Outstanding shares are the company’s stock that have been authorized and issued, representing ownership of the company by investors or institutions holding those shares. Fully diluted shares include all those equities plus additional shares if all convertible securities of a company were exercised.
Similarly, you may ask, what are diluted shares outstanding?
Fully diluted shares outstanding is the total number of shares a company would theoretically have if all dilutive securities were exercised and converted into shares. Dilutive securities include options, warrants, convertible debt, and anything else that can be converted into shares.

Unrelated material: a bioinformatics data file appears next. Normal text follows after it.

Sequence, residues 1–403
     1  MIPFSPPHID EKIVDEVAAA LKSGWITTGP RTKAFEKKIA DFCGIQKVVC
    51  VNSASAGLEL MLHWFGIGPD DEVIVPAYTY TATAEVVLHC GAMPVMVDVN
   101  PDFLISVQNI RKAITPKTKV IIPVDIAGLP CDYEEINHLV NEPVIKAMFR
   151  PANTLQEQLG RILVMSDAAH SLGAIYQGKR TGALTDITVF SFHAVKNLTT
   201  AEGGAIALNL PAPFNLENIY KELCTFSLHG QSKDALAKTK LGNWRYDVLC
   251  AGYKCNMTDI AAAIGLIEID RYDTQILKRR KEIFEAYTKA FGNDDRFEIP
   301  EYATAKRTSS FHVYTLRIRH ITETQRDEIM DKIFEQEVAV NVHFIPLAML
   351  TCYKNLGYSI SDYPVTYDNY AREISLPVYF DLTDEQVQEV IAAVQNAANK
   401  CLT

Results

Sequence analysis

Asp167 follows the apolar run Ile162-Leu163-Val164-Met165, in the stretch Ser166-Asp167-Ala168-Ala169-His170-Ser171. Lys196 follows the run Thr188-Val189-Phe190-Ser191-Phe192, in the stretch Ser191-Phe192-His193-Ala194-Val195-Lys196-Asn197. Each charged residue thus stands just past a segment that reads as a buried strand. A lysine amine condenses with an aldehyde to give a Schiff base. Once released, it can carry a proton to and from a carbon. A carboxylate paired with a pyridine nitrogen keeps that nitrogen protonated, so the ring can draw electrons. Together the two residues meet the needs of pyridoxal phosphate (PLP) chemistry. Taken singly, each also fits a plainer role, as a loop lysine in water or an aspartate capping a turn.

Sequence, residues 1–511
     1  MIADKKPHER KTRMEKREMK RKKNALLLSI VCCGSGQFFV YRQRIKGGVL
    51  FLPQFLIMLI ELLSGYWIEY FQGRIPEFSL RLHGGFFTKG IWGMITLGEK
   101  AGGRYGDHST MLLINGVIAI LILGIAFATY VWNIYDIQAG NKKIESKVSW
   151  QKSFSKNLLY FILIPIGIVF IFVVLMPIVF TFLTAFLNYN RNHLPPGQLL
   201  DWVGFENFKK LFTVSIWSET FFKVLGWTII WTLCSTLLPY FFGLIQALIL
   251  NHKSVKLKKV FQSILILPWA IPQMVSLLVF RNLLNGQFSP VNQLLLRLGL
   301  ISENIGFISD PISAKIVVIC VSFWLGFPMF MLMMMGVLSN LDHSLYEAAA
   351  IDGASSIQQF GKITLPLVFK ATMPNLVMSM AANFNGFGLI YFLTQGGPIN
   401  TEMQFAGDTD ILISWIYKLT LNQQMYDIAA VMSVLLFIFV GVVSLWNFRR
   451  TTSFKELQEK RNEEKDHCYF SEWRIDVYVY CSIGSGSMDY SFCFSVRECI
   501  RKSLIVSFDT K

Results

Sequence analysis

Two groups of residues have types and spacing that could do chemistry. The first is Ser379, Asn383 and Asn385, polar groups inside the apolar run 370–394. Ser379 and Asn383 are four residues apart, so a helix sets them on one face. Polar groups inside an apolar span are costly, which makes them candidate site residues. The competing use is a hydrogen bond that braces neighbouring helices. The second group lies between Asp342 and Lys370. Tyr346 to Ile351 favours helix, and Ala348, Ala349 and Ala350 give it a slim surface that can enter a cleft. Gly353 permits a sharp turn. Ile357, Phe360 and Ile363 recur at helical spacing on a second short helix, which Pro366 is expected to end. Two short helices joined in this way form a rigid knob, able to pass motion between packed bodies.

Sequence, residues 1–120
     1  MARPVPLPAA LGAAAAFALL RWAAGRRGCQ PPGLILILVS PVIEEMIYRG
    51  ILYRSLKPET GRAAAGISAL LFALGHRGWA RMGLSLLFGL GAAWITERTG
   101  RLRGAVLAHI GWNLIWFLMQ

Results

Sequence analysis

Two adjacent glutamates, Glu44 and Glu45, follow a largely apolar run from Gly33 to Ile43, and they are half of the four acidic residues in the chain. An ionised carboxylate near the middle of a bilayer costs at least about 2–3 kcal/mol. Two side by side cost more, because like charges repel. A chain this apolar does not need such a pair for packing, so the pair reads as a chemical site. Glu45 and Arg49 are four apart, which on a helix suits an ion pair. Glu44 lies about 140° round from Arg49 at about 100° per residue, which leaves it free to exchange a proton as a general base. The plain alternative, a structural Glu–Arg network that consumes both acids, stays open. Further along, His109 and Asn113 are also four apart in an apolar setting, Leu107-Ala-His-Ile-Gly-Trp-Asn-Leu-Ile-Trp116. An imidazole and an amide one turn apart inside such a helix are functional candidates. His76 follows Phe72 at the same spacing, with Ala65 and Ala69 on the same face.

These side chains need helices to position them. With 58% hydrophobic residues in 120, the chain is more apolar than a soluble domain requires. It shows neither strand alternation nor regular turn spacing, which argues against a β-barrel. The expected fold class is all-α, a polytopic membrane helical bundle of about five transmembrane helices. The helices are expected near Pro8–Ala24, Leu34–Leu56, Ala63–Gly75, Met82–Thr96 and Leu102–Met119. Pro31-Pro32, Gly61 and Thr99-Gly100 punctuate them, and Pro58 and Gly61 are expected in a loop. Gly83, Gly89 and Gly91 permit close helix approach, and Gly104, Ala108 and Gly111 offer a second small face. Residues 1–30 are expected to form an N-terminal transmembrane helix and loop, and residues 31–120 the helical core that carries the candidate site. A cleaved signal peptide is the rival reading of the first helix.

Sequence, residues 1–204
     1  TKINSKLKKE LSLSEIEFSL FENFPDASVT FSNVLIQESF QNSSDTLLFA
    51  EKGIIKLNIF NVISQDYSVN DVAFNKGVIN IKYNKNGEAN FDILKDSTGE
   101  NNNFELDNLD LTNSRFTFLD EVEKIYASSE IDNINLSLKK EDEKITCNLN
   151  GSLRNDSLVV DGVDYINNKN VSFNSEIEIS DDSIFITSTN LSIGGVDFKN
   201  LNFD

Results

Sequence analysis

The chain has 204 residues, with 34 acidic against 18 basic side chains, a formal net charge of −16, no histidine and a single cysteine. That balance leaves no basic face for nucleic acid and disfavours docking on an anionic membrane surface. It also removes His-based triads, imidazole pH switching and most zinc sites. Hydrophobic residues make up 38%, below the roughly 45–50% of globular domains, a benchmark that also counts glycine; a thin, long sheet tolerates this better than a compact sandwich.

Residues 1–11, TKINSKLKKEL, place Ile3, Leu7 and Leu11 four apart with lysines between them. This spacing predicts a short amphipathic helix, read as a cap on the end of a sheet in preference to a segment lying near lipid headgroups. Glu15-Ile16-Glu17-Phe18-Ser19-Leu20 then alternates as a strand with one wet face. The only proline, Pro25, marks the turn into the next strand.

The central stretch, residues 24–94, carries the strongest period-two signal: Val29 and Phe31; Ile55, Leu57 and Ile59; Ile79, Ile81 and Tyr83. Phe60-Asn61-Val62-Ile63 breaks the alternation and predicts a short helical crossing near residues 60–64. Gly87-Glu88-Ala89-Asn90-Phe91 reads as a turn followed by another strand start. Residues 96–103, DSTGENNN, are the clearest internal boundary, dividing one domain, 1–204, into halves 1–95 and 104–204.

Beside above, what is the difference between diluted and basic shares outstanding? Basic shares represent the number of common shares that are outstanding today (or as of the reporting date). Fully diluted shares equals basic shares plus the potentially dilutive effect from any outstanding stock options, warrants, convertible preferred stock or convertible debt.
In this way, how do you calculate diluted shares outstanding?
The formula used to calculate a company’s diluted EPS is a company’s net income minus preferred dividends divided by the weighted average number of shares outstanding plus the impact of convertible preferred shares and the impact of options, warrants, and other dilutive securities.
Are options included in shares outstanding?
Typically, outstanding shares do not include any part of the option pool. Options whether issued or not are a right to buy shares. After an option is exercised, shares are issue and counted as issued and outstanding shares.